Special Forces Association Convention 2022 (SFACON 2022)
The Special Forces Association Convention 2022 (SFACON 2022) celebrated the 70th anniversary of Army Special Forces (SF). The distinguished visitor committee (seminar team) selected topics to highlight SF’s tactical, operational, and strategic activities. SFACON 2022’s symposia took place at the Antlers Hotel in downtown Colorado Springs between September 21-24, 2022.
SFACON 2022’s De Oppresso Liber Symposium Series included nine seminars: The Original Mike Force (Vietnam 1965 / Operational-Tactical vignette), Task Force Dagger (Afghanistan 2001 / Operational vignette), Task Force Viking (N. Iraq 2003 / Operational vignette), El Salvador (1980s / Strategic vignette), Shok Valley (Afghanistan 2008 / Tactical vignette), FOB Ghazni (Afghanistan 2013 / Tactical vignette), The Originals Panel (1952-53 Strategic vignette), Det-A / SF Berlin (1956-1990 Strategic vignette), and 1st SF Command (current day).
Topic: Det-A / SF Berlin (ca 1956-1984 / 1984-1990)
Date of presentation: September 24, 2022 from 0900-1015 MT via Zoom
Presenter: MSG (Ret) Robert Charest. He served two tours with Det-A and hosts the Det-A website.
Summary: In 1990, the Special Forces cased its final unit colors in Berlin, bringing to close 34 years of clandestine Cold War activities. Former Det-A veteran MSG (Ret) Robert Charest reviews the various phases of this one-of-a-kind unit with a truly elegant mission. He describes the Berlin based 39th Special Forces Detachment Alpha – Berlin, aka Det-A’s 1956-early 1970s Unconventional Warfare design, the addition of its Counterterrorism mission, and the 1984 transition to the 410th SF Physical Security Support Element – Berlin, aka PSSE-B. LTC (Ret) Mitch Utterback joins the session to describe PSSE-B.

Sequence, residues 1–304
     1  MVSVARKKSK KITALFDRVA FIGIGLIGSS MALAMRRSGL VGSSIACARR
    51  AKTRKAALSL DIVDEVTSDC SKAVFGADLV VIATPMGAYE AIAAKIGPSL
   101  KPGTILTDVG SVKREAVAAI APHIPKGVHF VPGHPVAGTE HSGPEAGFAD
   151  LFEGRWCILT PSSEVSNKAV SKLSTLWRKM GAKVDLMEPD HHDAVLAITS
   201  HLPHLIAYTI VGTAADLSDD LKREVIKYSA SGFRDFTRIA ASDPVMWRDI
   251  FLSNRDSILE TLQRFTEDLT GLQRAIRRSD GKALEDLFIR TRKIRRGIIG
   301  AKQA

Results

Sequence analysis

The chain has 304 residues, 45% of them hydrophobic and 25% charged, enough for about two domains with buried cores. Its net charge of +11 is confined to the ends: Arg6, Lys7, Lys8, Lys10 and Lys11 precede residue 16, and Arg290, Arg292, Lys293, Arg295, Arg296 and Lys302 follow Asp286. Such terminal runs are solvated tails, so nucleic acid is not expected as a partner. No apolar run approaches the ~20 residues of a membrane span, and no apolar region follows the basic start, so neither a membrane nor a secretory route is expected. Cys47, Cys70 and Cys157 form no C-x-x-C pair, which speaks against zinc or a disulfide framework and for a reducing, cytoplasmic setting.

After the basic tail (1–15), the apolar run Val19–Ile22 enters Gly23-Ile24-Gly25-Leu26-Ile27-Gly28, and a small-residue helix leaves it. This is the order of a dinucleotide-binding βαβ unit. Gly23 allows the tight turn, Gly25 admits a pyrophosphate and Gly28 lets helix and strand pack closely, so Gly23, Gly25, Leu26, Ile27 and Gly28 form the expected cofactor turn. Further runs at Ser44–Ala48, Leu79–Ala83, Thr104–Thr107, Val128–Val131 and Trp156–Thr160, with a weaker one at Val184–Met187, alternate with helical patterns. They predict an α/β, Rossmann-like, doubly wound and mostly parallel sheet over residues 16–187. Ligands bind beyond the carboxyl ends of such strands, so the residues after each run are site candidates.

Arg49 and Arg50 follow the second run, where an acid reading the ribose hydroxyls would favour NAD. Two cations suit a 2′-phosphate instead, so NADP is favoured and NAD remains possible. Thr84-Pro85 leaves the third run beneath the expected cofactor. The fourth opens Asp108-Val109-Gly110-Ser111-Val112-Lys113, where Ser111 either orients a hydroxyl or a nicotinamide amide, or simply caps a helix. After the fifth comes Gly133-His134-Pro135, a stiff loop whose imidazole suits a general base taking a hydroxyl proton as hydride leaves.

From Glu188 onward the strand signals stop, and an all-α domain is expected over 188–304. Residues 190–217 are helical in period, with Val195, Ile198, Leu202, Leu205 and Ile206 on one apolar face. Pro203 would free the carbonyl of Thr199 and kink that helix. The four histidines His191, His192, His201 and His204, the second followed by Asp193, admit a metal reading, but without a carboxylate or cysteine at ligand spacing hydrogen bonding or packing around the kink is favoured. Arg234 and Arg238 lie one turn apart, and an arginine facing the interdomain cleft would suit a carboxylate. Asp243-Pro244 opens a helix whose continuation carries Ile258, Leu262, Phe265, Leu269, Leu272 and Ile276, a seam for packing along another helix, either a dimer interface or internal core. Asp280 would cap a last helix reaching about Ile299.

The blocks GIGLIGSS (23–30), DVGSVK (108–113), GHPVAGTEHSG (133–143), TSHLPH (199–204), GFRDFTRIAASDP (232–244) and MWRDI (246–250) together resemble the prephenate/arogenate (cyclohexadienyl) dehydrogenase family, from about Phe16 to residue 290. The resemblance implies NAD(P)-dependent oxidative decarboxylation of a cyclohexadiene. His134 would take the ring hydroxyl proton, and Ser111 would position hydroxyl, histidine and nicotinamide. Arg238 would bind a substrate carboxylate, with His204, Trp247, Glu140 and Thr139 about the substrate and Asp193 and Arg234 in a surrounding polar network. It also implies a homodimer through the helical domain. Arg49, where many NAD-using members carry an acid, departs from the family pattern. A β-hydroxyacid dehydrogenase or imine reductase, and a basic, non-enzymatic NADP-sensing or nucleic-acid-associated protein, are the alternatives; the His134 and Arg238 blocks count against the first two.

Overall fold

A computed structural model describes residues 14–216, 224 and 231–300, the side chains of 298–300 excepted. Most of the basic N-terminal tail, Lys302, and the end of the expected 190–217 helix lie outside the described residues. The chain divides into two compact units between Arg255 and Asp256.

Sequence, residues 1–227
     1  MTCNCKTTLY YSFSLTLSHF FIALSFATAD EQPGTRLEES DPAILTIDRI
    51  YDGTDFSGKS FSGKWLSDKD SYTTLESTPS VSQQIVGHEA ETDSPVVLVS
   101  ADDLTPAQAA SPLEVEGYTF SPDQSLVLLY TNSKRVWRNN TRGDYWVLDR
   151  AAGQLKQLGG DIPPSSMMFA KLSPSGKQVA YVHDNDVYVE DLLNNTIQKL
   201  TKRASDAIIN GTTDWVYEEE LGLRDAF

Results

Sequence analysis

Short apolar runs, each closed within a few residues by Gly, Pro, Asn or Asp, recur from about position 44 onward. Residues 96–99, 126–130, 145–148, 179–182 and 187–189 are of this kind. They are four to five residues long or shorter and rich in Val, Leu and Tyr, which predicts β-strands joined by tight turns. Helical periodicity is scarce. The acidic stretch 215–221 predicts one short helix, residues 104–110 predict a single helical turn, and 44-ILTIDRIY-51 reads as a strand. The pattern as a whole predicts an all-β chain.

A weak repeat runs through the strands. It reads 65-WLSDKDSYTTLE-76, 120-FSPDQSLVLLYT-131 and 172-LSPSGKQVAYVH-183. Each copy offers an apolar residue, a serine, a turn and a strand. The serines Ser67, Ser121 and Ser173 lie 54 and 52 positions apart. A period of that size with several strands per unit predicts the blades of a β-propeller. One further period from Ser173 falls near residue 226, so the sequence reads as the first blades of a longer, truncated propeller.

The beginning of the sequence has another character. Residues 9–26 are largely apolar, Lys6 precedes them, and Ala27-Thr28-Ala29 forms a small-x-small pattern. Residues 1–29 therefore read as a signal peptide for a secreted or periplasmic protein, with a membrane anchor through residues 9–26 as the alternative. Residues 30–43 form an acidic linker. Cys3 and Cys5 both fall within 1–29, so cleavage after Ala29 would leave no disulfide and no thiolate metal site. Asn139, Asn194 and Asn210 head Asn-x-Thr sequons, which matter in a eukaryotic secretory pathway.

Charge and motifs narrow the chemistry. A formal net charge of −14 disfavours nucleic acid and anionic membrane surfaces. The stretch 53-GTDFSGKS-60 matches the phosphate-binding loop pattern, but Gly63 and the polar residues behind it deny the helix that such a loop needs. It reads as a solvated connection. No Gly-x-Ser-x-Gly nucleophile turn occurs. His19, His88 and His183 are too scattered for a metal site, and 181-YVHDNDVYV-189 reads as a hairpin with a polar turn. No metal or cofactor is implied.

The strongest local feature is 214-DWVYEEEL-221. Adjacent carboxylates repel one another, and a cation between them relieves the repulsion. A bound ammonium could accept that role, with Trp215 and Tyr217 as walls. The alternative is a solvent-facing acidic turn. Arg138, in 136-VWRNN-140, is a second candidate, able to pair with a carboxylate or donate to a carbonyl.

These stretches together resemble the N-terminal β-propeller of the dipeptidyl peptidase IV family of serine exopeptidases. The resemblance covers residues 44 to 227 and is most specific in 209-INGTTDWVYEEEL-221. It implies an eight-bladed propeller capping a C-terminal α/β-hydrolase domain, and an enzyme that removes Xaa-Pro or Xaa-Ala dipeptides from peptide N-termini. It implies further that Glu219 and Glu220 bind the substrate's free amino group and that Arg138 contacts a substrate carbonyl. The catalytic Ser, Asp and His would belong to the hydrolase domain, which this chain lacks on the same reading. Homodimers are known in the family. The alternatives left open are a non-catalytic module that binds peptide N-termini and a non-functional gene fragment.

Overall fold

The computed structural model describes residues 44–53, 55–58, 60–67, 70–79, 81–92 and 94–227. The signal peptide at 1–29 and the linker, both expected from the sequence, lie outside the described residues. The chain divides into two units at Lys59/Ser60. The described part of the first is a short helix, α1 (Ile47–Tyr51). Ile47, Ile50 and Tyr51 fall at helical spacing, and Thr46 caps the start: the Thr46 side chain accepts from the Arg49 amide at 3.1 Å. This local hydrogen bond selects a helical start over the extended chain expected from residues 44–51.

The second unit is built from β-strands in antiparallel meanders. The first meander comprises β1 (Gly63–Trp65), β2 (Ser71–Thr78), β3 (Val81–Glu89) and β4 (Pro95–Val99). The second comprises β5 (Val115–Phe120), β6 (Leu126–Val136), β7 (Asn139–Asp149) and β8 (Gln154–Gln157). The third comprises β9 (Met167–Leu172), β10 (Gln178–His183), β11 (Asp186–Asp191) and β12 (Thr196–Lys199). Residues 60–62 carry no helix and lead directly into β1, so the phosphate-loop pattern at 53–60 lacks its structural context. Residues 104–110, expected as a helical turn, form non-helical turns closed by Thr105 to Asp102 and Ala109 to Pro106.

Here is a video tribute to some of the original Detachment “A” members.
Former Detachment “A” member Georg Moskaluk created and produced this video while on assignment in Afghanistan.
Georg Moskaluk, was a former Detachment “A” member having served in Berlin. He also served as the Command Sergeant Major of the 10th Special Forces Group (A). Additionally, Georg served in the 5th Special Forces Group (A), 6th Special Forces Group (A), and MACV SOG.
This video production contains material in whole from audio and video materials supplied by (GMVP) Georg Moskaluk Video Production, and is protected by copyright and trademark laws. No material (including but not limited to the text, images, audio and/or video) can be reproduced for profit.
Non-profit duplication and exhibition is permitted. Modification of this video production or use of the materials for any other purpose is a violation of GMVP, and other sources’ copyright, trademark and other proprietary rights.
Special Forces Association Chapter 363, hosted a speaking engagement at the Poinsett Club in Greenville SC on 19 July 2022. Guest Speakers were Major General Jim Guest and MSG Bob Charest. Chapter President Todd Carpenter officiated the event.
A special honor was bestowed on Bob Charest, former member of Detachment “A” and MACV/SOG, as he was presented the Silver Star by Major General James Guest, 55 years after his actions in September of 1967.
Written by Chris Feudo former member of Detachment “A”
‘These are the men of the Green Beret, and more so, men of Detachment A These are men, America’s best – the epitome of the American fighting man 100 Strong they stood and glared, deep within Cold War Berlin Ready to fight to defend against, the awaited threated Red Menace’